inFilm

Vancouver Island's supporting role in Man of Steel
By: infilm on 06/14/13

It’s no Carnegie Hall, but that didn’t diminish Nanaimo native Allison Crowe’s excitement when she gigged at the Cassidy Inn Pub.

For someone who began her career playing bars in Nanaimo, you might say the Corner Brook, N.L.-based singer-songwriter had come full circle when she returned to her hometown after making a name for herself with albums and concert tours.

This was no ordinary bar gig, however. Crowe, 31, was making a cameo appearance in Man of Steel, Zack Snyder’s reboot of the Superman franchise, while also honouring another iconic dude — Johnny Cash.

“Zack had wanted to have my version of Hallelujah in Watchmen, but they said it was ‘too beautiful,’ which was OK,” laughed Crowe, recalling how Snyder and his producer-wife Deborah ended up featuring her in Man of Steel.

The couple, who had also considered Crowe for Sucker Punch, asked her to sing Cash’s Ring of Fire during a seven-day shoot in October 2011. The pub in the Cassidy Inn, which closed two years ago, was masquerading as an Alaskan loggers bar for the blockbuster. Before that, crews filmed in Ucluelet, which posed as Cordova, a tiny Alaskan fishing village.

Superman himself (Henry Cavill) came up, up and away, as did Lois Lane (Amy Adams) — for the Ucluelet sequences. Filming also took place at Burnaby’s Mammoth Studios, and in Chicago.

“He’s lovely, just so down-to-earth and friendly,” said Crowe, who met the British actor on the Nanaimo set and at a Christmas concert she performed for cast and crew.

Crowe’s thrilling experience continued at Monday’s New York première, where she reunited on the red carpet at Lincoln Center with Cavill and the Snyders. She also met Adams, Kevin Costner, Robin Wright and Hans Zimmer, and whose score was performed at an after-party at Skylight at Moynihan Station.

“It was surreal,” said Crowe, who was equally excited about seeing Alan Cumming in a production of Macbeth.

“It was so out of the realm of anything I’ve done before.”

Crowe, a fan of superhero movies (“I saw Dark Knight five times”) gave Man of Steel a thumbs-up.

Corey Trinkwon, who studied film and TV acting at Nanaimo’s Spotlight Academy, where founder Jacqui Kaese also taught a teenaged Crowe, capitalized on his own superhero obsession to land a spot in the bar scene.

“It was Christopher Reeve’s Superman that did it for me,” recalled Trinkwon, 25, who has a Superman tattoo and wore a Superman T-shirt and Clark Kent glasses to the casting call. “I loved his morals.”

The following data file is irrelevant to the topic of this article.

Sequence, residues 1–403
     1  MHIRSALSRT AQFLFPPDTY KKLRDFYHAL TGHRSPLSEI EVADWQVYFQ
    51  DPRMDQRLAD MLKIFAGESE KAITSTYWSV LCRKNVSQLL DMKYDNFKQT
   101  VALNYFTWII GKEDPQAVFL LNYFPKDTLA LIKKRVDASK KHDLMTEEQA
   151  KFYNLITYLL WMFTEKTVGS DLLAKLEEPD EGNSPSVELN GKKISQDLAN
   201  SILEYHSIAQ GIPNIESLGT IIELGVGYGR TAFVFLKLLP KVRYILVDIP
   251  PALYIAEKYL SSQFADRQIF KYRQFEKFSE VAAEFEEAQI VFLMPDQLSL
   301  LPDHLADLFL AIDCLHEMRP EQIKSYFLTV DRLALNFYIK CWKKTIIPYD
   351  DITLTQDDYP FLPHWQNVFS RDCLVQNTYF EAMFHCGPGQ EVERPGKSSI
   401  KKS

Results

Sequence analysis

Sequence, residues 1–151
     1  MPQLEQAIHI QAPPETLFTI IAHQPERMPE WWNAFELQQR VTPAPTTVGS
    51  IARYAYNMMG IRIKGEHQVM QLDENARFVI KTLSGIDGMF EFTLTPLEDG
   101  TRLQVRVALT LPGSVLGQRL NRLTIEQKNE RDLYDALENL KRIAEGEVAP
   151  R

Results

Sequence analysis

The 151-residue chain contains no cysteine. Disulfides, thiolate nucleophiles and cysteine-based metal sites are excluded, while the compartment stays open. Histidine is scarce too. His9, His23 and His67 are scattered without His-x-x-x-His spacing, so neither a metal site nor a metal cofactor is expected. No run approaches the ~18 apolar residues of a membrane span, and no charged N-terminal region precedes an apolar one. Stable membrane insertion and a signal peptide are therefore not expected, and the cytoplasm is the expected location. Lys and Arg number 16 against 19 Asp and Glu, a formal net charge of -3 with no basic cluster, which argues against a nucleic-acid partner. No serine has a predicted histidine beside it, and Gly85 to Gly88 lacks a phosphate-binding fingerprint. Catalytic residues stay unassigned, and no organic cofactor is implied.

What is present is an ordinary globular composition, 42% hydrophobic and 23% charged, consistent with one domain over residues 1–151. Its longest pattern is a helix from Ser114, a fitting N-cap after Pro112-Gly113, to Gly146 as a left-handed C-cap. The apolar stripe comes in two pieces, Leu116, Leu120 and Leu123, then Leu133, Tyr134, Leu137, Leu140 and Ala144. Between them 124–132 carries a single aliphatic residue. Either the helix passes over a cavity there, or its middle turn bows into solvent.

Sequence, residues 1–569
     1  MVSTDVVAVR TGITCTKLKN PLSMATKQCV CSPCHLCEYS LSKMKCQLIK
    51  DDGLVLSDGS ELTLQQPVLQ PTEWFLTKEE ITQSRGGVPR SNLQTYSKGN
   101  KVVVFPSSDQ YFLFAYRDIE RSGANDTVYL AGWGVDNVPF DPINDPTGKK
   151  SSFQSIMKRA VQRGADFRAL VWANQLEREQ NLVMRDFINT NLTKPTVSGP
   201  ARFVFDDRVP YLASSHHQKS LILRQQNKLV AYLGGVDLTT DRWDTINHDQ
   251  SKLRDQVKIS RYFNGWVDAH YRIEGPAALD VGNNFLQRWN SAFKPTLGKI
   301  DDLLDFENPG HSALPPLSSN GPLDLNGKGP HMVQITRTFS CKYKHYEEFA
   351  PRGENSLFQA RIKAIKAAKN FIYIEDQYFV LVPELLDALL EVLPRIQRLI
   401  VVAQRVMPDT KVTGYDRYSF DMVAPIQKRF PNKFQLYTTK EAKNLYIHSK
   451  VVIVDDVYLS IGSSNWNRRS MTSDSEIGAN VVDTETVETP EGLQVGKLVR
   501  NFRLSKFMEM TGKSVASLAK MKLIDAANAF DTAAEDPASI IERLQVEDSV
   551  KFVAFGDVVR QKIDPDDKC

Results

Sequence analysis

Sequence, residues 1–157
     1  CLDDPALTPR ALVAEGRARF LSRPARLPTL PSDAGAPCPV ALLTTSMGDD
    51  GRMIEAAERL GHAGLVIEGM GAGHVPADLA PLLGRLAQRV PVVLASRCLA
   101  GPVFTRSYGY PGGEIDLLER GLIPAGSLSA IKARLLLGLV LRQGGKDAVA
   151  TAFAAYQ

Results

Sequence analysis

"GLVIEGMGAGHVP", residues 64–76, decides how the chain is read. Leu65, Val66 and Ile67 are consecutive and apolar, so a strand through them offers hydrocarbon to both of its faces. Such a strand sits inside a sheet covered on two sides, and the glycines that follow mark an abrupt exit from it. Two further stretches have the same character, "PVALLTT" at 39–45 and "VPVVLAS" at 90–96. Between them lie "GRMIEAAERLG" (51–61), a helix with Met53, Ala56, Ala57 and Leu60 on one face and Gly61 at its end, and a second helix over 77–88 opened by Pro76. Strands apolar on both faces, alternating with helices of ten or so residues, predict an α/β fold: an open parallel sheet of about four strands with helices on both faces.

Trinkwon was among dozens of Islanders hired as extras for Autumn Frost, as it was code-named.

Nick Touchie, an employee at Ucluelet Harbour Seafoods, described his on-camera experience as an “eye-opener.” It wasn’t just because he got close enough to realize that Cavill, soaking and shirtless, has natural abs of steel.

“The Man of Steel was hiding behind the house,” Touchie said, recalling a scene shot on First Nations land where a desperate Superman steals the commercial fisherman’s jacket and boots from his hatchback.

Second Hand Cargo thrift shop was passed off as a hunting-gear store, one of several businesses on Main Street redecorated for a street scene on a wet, windy day. Filming also took place in the harbour and at Spring Cove.

“There’s such an exciting buzz when you have a movie in town, whether it’s this or Twilight or The Big Year,” said Adele Larkin, general manager of Black Rock Oceanfront Resort, where many cast and crew stayed.

“Everyone local involved felt they were part of something special,” said Larkin, whose son Redman, 16, was “super pumped” to learn his appearance as a student getting off a school bus made the trailer.

The producers, who also scouted Sooke when seeking an Alaska coastline knockoff, loved Ucluelet’s rugged shoreline, Amphitrite Point Lighthouse and shipping vessels, said Vancouver Island North Film Commisson head Joan Miller.

The production company also redid Cassidy Inn Pub’s floor and added vintage saws, stuffed animals and other Alaskan accoutrements, and trucked in piles of ice shavings from a Nanaimo hockey rink. They further set the scene with parked logging trucks and used snow towers and wind machines.

“There’s so much money thrown into these massive tentpole movies,” said Miller. “We get them because they’re location driven. It’s usually because of the beaches and things they can’t get close to Vancouver. And because we don’t have the local crew base Victoria is so fortunate to have, they fill the hotels.”

Miller reunited with Rino Pace, the location manager she first worked with on The Thirteenth Warrior and then on films including Trapped, Elegy, The Big Year and Godzilla.

“He should get some kind of Vancouver Island film locations award,” laughed Miller, now off to Los Angeles for the Association of Film Commissioners International’s industry conference June 27 to 29 with Vancouver Island South Film and Media Commission’s Kathleen Gilbert.

“You can’t market half an Island. It’s hard enough to make an imprint,” says Miller, explaining why the duo is collaborating. They also purchased the right to brand the delegate bags given to 2,500 industry types with Film Vancouver Island.

“We don’t want to get lost in the crowd, which is easy to do at these big shows,” adds Gilbert. “We want to stand out.”

Michael Reid/Victoria Times Colonist